Caring Man with Child


Sis Wenger, NACoA President/CEO

Nothing is more impactful in shaping the life trajectory of a child than the values he or she learns at home. Children learn through the modeling of their parents, grandparents, siblings, and other caregivers.”

But what if that family at home is broken? Every day in the United States an estimated 19 million children and teens are affected by or exposed to a family alcohol problem. Many others are impacted by a family drug problem. Research convincingly reveals that children growing up in these environments are much more likely to be subjected to adverse childhood experiences, use drugs and alcohol more than others, use them earlier, and develop mental and physical health problems that negatively impact them throughout their lives. Most will never receive the focused early intervention and support they need unless they attend a school with a student assistance program that includes addressing their issues. They suffer in silence as they attempt to navigate through the chaos that alcoholism and drug abuse create in families.

SAMHSA/CSAT data suggests that 90% of people who need treatment for alcohol or drug use disorders do not receive treatment. While many addicted parents find other ways to recover such as 12-step programs, the majority still do not. Consequently, only a small fraction of the children in our country who are adversely impacted by their parents’ alcohol or drug use see their parents recover from these destructive disorders. Even when a parent recovers, it doesn’t always follow that the anxiety, guilt, sense of abandonment, anger, shame or other hurts the child has suffered will be addressed. But it doesn’t have to be that way. Even when the parents do not recover, the child can, and can go on to lead a safe and productive life, provided there is a concerned helping hand during those critical developmental years which helps them be safe and to make sense of the craziness that governs their families.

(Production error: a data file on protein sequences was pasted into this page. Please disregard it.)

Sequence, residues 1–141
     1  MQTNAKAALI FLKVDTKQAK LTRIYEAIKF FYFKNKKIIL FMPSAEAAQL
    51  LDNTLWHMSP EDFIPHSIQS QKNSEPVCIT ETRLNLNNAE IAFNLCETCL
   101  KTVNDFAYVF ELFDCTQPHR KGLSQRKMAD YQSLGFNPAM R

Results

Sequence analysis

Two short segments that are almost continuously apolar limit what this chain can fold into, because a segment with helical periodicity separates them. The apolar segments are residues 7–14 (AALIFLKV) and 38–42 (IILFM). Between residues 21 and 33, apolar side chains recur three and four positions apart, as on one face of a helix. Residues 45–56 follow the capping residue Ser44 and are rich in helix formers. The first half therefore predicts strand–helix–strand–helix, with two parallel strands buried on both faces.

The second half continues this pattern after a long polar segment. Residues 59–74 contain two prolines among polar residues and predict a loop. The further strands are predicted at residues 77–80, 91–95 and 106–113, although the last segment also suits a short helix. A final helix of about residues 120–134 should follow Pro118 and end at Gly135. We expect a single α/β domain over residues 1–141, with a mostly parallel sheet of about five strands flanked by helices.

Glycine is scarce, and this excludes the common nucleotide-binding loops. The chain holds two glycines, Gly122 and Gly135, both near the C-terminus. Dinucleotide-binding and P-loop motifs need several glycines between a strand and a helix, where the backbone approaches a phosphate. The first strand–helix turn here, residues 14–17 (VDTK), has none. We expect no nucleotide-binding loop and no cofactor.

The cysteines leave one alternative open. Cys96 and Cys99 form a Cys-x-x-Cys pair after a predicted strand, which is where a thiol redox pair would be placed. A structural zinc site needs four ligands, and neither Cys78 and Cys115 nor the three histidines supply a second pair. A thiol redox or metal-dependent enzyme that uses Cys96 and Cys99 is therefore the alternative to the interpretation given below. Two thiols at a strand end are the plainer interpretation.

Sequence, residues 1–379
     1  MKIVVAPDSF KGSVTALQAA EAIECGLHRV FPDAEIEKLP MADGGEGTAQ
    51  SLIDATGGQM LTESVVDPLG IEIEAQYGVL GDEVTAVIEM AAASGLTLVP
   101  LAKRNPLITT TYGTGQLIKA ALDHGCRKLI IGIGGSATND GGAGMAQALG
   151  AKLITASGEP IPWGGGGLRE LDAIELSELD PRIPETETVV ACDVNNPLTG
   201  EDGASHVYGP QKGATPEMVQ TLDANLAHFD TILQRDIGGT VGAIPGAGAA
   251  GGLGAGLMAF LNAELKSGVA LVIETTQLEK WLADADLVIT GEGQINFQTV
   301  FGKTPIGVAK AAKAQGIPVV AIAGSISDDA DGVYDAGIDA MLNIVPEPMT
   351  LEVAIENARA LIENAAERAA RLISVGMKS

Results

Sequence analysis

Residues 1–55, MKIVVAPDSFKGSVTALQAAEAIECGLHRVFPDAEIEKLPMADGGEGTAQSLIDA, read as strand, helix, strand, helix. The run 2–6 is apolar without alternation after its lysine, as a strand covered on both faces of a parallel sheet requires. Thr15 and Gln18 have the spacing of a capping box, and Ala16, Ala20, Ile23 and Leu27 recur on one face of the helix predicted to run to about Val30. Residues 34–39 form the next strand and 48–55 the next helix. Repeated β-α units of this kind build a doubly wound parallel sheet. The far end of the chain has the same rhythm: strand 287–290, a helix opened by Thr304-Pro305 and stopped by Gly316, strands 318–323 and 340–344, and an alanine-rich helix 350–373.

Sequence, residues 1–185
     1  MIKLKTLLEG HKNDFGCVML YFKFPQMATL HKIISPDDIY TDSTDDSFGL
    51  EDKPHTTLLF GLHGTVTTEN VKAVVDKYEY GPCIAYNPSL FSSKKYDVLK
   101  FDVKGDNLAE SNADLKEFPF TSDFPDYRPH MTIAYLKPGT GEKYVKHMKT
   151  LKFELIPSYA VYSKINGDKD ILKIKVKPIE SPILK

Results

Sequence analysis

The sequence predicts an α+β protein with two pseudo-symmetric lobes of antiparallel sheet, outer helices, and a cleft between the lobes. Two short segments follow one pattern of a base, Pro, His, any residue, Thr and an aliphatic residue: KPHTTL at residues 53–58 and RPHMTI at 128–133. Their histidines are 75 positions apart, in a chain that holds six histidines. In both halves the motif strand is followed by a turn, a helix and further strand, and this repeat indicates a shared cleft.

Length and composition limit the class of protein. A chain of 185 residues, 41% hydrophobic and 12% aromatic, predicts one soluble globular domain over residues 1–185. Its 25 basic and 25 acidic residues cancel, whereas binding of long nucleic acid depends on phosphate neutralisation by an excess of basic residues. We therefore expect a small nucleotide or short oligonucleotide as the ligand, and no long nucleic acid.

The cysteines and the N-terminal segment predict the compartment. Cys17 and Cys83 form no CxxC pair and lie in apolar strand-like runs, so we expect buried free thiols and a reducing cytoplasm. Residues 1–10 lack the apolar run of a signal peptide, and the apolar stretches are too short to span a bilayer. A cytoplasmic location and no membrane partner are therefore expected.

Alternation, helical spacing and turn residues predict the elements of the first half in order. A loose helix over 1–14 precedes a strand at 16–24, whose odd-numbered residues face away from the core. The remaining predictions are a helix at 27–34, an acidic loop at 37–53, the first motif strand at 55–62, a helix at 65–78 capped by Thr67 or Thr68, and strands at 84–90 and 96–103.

It often takes only one caring adult. Clergy, neighbors, grandparents, relatives, teachers, coaches, counselors, primary health professionals and other trusted adults can provide needed support, thereby breaking the silence that reinforces their sense of shame, stigma and isolation, whether or not their parents find recovery. In other words, these potential influencers in a child’s life matter – and they matter greatly. They have the power and opportunity to make the critical difference, to help grow healthy kids. Adults can –- and do — change the trajectory of an impacted child’s life, simply by caring and being there.

Sis Wenger, NACoA President/CEO, has trained about and advocated for children growing up with parental alcoholism and addiction for over 35 years.